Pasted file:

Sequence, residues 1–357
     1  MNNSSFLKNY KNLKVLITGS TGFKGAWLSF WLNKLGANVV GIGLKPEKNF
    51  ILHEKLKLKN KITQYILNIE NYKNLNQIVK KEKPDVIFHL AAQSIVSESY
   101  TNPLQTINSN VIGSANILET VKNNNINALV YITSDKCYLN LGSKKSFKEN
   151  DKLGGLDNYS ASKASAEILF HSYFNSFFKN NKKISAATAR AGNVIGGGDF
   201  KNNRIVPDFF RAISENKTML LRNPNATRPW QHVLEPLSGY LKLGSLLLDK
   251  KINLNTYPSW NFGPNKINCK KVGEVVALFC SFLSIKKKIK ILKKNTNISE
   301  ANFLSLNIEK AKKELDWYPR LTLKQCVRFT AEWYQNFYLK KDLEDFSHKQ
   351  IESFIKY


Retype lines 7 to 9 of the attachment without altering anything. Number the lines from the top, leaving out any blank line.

   251  KINLNTYPSW NFGPNKINCK KVGEVVALFC SFLSIKKKIK ILKKNTNISE
   301  ANFLSLNIEK AKKELDWYPR LTLKQCVRFT AEWYQNFYLK KDLEDFSHKQ
   351  IESFIKY